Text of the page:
Communities grapple with the needs of aging suburbanites

About Liz Seegert

Liz Seegert (@lseegert), is AHCJ’s topic editor on aging. Her work has appeared in, Journal of Active Aging, Cancer Today, Kaiser Health News, the Connecticut Health I-Team and other outlets. She is a senior fellow at the Center for Health Policy and Media Engagement at George Washington University and co-produces the HealthCetera podcast.

Photo: Rachel via Flickr

Mom, dad, 2.4 kids, and a dog. The very picture of suburbia has changed vastly since families migrated from cities in the 1950s and ’60s. Those kids are now aging baby boomers, often caring for elderly parents. If they remained in the suburbs, they now are facing a host of challenges they probably didn’t anticipate.

Meeting the needs of aging suburbanites is a growing problem that few community planners considered during the post-World War II building boom. Yet it’s something towns and villages throughout the United States now must deal with.

“Nearly eight in 10 of the age 65-plus population now live in U.S. metropolitan areas, and almost two-thirds of these metro dwellers live in the suburbs rather than its central cities,” according to this Today’s Geriatric Medicine article.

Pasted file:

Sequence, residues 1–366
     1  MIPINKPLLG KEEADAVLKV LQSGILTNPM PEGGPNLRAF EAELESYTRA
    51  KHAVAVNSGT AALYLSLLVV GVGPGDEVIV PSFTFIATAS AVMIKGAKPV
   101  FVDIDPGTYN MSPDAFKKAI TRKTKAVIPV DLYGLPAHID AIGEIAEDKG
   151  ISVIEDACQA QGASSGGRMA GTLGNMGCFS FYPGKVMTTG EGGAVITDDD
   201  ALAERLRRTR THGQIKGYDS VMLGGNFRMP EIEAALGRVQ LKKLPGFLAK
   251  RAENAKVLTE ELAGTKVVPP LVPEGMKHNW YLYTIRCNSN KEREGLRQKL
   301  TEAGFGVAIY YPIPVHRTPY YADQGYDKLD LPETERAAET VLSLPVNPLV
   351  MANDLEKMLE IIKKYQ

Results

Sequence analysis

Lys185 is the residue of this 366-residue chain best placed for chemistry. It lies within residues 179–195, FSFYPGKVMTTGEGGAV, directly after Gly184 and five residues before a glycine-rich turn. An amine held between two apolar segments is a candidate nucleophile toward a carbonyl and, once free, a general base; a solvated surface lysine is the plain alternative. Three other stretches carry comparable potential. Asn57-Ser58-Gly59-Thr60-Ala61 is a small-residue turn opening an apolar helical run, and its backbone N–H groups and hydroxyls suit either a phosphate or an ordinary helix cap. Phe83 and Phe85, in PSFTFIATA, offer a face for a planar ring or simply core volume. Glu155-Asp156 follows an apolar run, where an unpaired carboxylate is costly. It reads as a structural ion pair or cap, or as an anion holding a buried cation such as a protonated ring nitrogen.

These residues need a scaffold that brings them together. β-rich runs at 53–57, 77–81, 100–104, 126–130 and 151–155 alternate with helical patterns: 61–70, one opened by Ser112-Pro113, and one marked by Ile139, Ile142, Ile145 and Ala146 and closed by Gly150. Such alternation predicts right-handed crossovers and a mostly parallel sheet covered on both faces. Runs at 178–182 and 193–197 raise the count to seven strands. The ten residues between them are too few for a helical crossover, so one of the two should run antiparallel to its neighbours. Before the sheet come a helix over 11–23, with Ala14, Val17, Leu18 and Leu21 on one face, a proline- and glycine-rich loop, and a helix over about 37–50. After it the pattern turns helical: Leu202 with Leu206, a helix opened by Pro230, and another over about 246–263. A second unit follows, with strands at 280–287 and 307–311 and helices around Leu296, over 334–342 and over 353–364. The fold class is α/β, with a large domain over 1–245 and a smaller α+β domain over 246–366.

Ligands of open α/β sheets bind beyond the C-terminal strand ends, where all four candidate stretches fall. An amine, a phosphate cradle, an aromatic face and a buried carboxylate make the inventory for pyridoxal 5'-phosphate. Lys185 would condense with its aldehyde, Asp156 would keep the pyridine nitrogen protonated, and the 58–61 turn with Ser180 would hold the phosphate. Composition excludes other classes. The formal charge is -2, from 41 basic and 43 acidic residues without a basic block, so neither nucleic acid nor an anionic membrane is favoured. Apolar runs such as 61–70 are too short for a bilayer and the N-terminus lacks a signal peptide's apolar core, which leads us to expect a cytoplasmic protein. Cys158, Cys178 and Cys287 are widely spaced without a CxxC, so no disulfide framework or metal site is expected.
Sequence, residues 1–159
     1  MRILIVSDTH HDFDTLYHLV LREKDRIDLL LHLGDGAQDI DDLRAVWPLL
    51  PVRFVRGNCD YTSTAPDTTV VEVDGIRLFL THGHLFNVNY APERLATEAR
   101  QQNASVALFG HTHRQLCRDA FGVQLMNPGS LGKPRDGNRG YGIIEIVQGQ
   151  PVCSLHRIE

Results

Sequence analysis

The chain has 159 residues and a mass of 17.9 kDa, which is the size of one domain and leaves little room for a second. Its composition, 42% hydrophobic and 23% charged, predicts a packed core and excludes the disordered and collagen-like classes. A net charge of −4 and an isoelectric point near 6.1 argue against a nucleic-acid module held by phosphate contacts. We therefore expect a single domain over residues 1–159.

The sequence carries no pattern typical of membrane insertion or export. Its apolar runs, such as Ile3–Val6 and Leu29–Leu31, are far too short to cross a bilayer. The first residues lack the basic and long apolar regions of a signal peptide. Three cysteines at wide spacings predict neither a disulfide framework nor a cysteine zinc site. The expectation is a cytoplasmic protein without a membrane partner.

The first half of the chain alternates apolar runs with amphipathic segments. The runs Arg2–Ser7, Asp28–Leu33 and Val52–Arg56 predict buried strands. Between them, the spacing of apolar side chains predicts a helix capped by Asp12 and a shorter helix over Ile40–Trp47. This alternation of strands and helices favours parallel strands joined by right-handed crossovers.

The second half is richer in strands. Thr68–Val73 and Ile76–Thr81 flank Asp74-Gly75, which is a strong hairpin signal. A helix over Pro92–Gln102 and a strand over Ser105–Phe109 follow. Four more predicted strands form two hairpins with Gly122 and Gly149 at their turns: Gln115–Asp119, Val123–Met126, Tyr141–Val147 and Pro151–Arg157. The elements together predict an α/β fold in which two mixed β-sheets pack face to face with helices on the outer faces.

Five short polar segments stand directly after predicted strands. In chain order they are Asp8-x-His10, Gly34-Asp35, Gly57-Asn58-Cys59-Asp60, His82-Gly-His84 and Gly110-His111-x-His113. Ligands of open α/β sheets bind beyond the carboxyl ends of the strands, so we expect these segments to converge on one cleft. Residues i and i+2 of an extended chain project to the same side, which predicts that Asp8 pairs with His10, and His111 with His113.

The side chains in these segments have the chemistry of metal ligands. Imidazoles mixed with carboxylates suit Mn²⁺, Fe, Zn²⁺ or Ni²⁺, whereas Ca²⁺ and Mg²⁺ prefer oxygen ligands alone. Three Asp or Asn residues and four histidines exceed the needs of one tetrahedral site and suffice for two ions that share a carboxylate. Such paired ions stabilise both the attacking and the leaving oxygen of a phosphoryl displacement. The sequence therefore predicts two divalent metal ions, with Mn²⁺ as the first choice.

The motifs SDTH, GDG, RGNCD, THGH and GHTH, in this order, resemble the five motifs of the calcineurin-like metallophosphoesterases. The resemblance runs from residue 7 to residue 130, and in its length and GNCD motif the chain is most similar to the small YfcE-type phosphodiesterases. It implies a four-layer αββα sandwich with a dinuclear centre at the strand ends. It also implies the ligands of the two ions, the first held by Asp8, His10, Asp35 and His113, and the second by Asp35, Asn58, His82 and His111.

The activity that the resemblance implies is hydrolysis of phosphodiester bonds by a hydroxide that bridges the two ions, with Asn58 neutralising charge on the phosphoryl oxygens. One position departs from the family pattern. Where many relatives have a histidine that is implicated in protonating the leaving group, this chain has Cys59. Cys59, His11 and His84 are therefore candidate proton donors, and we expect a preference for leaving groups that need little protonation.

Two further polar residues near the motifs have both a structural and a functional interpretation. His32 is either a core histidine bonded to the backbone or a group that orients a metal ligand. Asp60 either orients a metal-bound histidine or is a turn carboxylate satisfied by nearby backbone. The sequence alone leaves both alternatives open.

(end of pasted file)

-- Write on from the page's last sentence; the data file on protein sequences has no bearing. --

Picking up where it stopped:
For those who no longer can drive (or in some cases never learned), lack of an automobile is akin to a prison sentence, according to the article’s author, Stephen M. Golant, Ph.D., professor in the department of geography at University of Florida, Gainesville. He worries whether many suburban communities are capable of supporting an aging population.

Golant projects that rather than selling their homes and moving to cities, older residents will stay put. If they do relocate, it likely will be to a similar suburb, because “they are reluctant to pick up stakes and start new lives in unfamiliar places where they risk feeling less competent in negotiating their surroundings.” He questions whether aging-in-place is in the best interests of older suburban dwellers if those neighborhoods fail to meet the needs of their changing lives. He points out that walking patterns decrease among older people in lower density neighborhoods, because of the distance to shopping, restaurants and other services. Sidewalks may be poorly designed and maintained if they exist at all. Street lighting may be inadequate, benches or other places to rest may be nonexistent, and factors like dangerous street crossings may further limit pedestrian mobility.

Many suburbs lack good transit options

“Few suburbs are designed for effective public transit,” according to this UrbanLand story. Good transit options can lead to better health for older adults, says a new report from The Transit Center, which lays out the benefits for those no longer able to drive as mobility, hearing, and vision all decline.